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The de' Medici Patrons
In our world, private support of the arts is almost taken for granted. In fact it is the norm. Although we have the federal government dabbling at supporting the arts with its National Endowment for the Arts, it is steeped in controversy and often thought of as little more than "welfare for the artsy-craftsy". Support for the arts amongst religious institutions is very much the exception to the rule.

In the 1400's though, things were almost completely reversed. For all intents and purposes, there was no private sponsorship of art and artists beyond the occasional portrait and perhaps a little "interior decorating" of private palazzos. One family changed all that though. In Florence, Italy, about this time, there arose a wealthy banking/merchant family called the de' Medicis. Through a combination of political know-how and financial clout, they were the defacto rulers of the Florentine city-state.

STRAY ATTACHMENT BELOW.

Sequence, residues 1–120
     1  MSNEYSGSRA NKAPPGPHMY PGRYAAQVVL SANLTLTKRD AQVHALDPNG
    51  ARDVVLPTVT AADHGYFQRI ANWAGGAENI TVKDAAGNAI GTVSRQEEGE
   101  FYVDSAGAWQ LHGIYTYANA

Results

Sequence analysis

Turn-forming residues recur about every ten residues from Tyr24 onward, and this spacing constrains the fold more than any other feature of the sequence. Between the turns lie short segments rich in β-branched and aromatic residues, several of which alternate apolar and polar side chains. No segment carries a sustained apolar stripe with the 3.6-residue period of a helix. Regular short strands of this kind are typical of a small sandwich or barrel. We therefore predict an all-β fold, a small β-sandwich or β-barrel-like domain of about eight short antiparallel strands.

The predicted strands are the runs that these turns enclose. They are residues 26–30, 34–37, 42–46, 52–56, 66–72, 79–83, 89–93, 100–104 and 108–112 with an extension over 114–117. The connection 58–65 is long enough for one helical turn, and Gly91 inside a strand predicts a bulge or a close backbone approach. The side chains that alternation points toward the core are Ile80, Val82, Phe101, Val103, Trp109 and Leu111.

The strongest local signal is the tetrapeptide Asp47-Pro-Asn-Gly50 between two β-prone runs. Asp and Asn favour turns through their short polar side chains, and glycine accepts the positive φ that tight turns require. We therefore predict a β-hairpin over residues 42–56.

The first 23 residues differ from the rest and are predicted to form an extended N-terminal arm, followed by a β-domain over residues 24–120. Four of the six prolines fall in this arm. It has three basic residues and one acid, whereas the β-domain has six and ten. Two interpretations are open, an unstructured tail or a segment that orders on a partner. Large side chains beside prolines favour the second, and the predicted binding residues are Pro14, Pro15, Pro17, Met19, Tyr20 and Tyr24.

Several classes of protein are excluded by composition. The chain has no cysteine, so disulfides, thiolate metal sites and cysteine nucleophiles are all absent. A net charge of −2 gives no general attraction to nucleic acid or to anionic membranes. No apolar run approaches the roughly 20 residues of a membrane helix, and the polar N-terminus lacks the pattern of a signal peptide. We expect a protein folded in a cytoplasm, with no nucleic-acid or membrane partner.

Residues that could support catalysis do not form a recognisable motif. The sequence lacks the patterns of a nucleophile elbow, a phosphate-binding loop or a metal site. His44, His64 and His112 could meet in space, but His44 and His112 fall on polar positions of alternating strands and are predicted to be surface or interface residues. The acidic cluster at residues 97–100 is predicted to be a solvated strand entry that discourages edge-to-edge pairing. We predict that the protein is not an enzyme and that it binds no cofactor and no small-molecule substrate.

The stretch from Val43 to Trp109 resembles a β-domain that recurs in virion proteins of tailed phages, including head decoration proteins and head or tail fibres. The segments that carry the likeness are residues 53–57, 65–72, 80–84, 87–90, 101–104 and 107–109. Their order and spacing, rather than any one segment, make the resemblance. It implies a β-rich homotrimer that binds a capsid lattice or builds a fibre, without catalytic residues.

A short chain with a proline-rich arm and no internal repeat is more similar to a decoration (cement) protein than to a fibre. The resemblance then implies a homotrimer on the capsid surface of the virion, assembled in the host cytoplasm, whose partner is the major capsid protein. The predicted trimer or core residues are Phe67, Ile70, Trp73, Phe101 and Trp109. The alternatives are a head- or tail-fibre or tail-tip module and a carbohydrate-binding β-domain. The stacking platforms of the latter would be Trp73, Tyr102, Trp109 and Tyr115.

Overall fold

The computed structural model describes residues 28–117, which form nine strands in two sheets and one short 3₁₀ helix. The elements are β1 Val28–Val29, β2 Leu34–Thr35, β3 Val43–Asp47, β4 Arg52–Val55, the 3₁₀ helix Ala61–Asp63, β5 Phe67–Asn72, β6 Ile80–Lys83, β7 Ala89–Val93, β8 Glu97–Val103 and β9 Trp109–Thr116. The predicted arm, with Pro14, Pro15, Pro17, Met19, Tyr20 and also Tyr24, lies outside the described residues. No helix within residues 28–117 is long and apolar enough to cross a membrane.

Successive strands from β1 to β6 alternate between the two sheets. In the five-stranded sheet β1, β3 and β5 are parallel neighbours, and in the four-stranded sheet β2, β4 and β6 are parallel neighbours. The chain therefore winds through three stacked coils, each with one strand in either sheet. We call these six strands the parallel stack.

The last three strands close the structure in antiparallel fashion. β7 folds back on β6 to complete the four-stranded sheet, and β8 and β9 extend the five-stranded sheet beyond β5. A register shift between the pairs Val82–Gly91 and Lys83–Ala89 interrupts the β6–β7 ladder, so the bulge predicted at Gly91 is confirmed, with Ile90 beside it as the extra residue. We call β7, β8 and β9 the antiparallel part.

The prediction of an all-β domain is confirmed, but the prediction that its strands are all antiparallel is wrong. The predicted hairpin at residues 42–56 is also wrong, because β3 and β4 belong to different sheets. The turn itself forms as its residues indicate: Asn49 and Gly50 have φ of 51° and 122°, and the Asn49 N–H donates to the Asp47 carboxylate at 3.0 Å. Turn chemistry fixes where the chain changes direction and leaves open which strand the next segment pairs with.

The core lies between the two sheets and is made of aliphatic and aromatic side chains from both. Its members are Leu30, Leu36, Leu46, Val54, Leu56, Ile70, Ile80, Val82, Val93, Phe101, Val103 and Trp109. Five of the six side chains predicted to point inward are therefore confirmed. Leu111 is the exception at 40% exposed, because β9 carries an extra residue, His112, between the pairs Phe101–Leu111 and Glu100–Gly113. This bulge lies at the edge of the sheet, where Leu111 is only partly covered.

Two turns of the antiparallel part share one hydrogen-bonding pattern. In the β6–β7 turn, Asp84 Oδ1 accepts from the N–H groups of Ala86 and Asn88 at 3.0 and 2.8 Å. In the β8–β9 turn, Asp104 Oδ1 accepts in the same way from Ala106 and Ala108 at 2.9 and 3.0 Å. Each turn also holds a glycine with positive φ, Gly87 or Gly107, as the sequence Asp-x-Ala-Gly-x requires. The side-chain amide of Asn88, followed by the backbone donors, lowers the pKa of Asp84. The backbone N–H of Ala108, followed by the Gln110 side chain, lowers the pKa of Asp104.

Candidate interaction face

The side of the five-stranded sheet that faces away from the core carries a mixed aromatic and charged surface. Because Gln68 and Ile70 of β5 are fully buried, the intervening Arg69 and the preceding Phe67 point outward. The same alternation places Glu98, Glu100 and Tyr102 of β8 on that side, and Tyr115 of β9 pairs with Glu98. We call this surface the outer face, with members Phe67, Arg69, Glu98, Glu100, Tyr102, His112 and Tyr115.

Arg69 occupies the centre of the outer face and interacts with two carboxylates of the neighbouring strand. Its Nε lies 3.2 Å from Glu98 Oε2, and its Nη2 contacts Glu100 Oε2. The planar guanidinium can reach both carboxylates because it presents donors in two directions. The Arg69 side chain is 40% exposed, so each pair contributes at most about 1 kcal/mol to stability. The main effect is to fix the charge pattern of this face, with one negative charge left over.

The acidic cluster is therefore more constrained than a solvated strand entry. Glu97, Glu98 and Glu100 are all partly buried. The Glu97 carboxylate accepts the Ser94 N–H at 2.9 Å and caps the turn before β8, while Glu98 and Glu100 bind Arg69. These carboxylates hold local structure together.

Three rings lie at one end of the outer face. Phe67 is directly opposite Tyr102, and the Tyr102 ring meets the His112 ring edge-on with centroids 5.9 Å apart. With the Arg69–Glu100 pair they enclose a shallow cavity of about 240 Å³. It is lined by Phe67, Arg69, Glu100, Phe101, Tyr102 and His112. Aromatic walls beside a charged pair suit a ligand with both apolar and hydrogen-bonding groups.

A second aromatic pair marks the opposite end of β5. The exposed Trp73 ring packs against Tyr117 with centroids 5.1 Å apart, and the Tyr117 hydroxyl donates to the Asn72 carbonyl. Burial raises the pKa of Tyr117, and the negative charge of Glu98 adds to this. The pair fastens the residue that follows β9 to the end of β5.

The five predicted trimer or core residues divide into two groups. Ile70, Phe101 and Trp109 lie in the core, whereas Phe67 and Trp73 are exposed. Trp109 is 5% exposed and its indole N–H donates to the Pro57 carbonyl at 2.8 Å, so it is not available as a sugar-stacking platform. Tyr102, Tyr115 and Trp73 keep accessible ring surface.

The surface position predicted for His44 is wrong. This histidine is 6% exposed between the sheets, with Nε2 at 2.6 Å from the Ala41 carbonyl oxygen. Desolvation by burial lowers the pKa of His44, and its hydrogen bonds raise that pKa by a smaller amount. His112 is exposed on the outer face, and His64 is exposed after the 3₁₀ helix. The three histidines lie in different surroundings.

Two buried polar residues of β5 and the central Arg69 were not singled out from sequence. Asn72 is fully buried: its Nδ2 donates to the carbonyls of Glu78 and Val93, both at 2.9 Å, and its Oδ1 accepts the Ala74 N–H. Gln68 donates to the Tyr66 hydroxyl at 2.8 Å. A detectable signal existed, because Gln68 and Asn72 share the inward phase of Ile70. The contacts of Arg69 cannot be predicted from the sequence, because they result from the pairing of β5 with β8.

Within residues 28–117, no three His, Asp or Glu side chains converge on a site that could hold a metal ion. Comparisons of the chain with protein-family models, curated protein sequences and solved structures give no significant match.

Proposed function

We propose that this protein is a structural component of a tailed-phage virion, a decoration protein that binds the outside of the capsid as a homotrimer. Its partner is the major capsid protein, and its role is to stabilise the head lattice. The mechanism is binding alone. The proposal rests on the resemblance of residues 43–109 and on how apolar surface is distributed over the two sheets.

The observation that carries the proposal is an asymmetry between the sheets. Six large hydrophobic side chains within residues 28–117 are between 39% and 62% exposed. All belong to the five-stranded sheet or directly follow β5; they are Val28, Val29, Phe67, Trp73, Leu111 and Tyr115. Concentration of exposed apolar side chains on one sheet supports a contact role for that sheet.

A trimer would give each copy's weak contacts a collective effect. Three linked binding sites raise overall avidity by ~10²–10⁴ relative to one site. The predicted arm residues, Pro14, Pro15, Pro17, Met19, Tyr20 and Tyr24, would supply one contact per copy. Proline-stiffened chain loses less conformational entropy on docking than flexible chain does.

The fountainhead of all this support was Cosimo de' Medici, who was instrumental in the rediscovery of Platonic philosophy, bringing the very best scholars from all over the Mediterranean to Florence, and sparking a renewal of interest in the humanities and art. Upon his death in 1464, is son, Piero, despite difficult times for the family, continued his father's generous patronage toward the arts. However it was his son, Lorenzo, often known as Lorenzo the Magnificent, under whom the arts, (painting, sculpture, architecture, music, and literature) flourished as never before. Without this enlightened family's patronage, stretching down through three generations, we might not know today names like Donatello, Botticelli, Leonardo, and Michelangelo, all of whom were shepherded to greatness under the uplifting wings of the de' Medici.

Contributed by Lane, Jim
17 January 1998

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